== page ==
In February 2019, hydropower generation accounted for 63,5% of installed capacity while thermoelectric accounted for 25,9% (led by 9% of biomass, 8,1% natural gas, 5,5% oil, 2,2% coal and 1,2% nuclear) and followed by wind 9% and solar 1,6%. And Brazilian PDE 2027 forecast an increase to 86% renewables into the grid in 2027, with non-hydro solutions accounting for majority of this increase (moving from 22% in 2018 to 28% in 2027). New alternatives to the peak, including storage, energy efficiency and smart grid, as well as site generation could achieve as much as 6% market share in 2027. Last year data shows that solar and wind are the fastest growing sectors, with oil and coal reduced more than 12% in only one year. Independent forecast estimates solar would be Brazilian number one source in 2040 with around 32% share, followed by hydro plants with 29%, wind with 12%, flexible capacity 11%, biomass 9%, natural gas 5% and others 2% (Bloomberg New Energy Finance, 2016). [Fig. 1]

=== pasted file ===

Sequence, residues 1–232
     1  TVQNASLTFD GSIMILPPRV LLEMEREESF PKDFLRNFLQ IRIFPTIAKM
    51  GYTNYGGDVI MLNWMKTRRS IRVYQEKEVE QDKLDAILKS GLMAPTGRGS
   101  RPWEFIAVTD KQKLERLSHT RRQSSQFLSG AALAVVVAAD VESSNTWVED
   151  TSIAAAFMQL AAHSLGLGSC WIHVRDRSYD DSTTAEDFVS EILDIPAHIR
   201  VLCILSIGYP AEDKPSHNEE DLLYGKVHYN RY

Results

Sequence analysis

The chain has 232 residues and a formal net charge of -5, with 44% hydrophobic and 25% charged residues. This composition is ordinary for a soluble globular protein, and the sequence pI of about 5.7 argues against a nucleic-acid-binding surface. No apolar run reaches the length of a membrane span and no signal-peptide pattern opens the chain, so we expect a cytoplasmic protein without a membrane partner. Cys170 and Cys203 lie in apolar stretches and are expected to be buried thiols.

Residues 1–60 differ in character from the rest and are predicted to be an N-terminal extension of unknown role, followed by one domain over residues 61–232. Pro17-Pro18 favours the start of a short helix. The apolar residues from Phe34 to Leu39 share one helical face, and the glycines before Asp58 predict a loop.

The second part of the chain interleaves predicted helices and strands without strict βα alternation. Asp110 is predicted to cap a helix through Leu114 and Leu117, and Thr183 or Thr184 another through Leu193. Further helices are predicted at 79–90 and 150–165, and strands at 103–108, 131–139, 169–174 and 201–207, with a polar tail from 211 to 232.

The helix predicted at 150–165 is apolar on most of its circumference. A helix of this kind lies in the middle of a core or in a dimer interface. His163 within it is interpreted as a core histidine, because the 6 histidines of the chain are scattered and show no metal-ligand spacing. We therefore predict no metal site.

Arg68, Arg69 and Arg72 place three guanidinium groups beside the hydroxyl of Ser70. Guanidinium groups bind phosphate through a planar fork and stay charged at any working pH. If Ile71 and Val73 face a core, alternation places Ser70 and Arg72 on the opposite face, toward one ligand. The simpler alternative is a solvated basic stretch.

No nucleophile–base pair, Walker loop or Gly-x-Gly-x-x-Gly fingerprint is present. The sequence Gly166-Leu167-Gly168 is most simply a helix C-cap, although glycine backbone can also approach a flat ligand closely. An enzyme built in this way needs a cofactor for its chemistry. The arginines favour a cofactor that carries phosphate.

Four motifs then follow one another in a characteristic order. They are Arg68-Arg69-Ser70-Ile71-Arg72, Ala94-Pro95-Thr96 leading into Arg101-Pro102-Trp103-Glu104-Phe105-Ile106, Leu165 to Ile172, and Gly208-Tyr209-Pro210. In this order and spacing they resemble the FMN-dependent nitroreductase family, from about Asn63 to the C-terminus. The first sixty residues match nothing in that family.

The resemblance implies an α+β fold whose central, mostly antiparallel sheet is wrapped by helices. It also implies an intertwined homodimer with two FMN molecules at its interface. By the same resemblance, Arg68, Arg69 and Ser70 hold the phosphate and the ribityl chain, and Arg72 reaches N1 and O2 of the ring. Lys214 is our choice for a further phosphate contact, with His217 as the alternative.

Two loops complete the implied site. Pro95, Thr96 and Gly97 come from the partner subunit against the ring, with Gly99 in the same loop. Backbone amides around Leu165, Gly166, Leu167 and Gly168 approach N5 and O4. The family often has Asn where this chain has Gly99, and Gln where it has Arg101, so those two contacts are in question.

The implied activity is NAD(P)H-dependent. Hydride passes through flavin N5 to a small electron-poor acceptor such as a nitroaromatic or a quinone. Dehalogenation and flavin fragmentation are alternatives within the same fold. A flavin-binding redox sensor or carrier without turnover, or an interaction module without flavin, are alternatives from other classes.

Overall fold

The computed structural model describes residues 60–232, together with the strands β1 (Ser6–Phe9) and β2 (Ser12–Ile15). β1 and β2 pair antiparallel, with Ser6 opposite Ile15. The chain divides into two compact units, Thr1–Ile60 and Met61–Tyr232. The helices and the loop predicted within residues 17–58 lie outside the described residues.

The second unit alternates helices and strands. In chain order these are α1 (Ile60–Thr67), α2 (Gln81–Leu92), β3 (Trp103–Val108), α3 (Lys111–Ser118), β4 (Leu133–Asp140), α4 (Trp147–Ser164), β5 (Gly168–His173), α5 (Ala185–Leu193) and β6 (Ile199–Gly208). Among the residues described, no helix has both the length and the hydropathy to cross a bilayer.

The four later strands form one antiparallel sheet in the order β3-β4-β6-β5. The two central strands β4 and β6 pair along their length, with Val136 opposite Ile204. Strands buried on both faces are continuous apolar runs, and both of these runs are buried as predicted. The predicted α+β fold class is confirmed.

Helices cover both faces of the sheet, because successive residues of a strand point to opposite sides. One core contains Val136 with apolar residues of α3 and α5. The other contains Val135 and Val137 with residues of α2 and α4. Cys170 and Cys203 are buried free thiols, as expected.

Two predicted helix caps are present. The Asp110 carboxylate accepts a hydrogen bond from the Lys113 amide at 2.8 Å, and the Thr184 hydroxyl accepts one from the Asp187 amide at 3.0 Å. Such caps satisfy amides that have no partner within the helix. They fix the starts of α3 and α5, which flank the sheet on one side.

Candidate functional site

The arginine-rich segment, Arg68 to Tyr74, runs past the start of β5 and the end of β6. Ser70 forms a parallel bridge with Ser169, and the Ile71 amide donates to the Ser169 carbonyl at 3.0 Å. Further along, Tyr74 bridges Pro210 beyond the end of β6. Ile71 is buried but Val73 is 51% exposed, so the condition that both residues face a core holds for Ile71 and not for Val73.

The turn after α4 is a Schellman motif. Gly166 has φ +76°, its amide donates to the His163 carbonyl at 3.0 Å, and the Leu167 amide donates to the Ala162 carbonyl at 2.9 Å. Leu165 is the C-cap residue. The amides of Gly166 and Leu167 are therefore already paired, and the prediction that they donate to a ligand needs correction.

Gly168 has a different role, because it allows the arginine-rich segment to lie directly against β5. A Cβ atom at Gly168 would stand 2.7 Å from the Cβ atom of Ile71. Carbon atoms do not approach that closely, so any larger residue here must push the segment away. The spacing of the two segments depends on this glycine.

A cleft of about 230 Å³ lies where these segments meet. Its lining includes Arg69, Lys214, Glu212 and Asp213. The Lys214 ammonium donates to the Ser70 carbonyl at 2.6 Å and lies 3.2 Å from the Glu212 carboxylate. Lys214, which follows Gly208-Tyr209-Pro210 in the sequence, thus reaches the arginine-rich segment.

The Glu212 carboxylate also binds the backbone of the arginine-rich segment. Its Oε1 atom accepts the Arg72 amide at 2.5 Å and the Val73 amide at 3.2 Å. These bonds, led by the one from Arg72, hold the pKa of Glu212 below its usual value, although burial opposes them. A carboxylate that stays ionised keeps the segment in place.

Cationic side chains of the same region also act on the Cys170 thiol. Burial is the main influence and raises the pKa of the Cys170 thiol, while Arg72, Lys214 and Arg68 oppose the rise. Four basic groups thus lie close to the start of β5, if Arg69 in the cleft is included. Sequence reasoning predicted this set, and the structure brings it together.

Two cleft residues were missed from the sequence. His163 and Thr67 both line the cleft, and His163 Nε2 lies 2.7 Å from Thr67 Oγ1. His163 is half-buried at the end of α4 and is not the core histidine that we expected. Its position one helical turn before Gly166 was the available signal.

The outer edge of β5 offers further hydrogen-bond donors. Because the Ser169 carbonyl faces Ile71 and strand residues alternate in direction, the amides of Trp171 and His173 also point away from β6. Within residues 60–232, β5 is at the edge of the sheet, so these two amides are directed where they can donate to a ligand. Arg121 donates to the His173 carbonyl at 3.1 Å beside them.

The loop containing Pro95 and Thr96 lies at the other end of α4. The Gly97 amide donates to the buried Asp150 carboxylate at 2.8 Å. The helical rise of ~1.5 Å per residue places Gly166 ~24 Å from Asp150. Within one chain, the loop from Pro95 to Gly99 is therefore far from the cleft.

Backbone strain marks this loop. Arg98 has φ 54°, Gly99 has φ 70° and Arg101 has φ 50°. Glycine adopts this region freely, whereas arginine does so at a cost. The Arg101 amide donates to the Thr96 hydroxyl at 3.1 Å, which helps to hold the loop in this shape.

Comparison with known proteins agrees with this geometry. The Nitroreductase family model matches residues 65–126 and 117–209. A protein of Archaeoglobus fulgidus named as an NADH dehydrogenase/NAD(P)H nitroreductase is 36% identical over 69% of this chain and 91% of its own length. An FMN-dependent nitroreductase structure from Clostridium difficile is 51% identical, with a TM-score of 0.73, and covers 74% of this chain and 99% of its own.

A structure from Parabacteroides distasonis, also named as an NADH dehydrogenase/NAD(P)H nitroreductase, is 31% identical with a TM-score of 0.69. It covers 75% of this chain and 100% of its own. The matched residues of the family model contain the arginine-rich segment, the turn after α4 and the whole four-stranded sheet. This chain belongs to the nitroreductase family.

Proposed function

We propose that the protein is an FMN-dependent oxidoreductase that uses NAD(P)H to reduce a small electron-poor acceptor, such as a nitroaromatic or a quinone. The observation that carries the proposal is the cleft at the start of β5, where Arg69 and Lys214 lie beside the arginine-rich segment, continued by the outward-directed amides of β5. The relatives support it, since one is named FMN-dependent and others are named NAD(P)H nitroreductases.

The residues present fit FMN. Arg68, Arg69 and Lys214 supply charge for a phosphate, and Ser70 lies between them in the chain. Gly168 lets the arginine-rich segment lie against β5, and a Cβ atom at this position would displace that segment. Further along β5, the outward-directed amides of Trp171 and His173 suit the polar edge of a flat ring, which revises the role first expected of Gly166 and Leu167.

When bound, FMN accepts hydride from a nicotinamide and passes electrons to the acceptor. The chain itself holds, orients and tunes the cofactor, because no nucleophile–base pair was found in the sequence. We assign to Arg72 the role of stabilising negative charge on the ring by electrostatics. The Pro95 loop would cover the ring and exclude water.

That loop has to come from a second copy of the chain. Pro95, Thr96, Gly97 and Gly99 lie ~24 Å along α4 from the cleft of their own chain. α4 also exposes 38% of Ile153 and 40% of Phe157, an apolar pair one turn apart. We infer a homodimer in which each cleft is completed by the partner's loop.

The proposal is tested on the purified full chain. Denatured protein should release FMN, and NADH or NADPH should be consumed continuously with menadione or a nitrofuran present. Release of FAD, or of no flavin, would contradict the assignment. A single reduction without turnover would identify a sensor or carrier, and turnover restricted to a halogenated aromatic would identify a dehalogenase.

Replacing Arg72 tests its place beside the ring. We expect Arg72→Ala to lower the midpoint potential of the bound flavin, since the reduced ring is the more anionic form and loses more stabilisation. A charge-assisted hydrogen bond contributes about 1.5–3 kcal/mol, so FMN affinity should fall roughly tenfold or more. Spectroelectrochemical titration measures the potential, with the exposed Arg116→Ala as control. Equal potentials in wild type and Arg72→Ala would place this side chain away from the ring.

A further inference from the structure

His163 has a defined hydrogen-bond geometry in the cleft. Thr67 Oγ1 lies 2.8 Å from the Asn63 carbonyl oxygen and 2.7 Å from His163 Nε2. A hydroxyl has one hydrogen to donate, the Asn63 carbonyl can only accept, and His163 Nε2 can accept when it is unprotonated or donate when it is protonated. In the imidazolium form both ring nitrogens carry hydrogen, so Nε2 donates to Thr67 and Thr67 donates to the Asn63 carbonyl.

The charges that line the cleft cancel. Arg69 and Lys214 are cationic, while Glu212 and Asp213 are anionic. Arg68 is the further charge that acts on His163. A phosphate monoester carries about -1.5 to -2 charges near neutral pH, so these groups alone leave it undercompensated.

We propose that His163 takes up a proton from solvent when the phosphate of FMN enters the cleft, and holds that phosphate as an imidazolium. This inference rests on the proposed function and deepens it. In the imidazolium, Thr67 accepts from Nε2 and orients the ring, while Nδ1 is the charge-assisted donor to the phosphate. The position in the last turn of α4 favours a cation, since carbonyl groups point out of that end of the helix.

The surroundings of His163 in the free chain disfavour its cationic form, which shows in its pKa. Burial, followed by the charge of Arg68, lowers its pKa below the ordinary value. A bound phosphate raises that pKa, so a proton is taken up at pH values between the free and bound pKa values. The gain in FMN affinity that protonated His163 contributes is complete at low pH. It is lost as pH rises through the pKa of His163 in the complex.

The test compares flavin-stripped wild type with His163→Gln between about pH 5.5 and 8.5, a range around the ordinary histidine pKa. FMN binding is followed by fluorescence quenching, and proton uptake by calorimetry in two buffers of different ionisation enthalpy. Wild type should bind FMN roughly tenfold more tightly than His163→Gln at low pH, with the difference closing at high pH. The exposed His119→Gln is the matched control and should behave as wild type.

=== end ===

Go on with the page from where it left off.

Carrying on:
Brazil Energy Storage Potential
Considering Brazilian renewable energy portfolio, battery energy storage solutions (ESS) are a perfect, flexible asset, for Brazilian´s integrated energy grid. Brazilian energy generation have an unique situation as rains, biomass production and wind generation all have a seasonal electric generation, and this situation poses an even larger challenge for the grid. Besides that reality, Brazil also has many isolated systems at the Amazon region, which generates electricity for million in different states at the amazon region with diesel and natural gas (CNG) generators.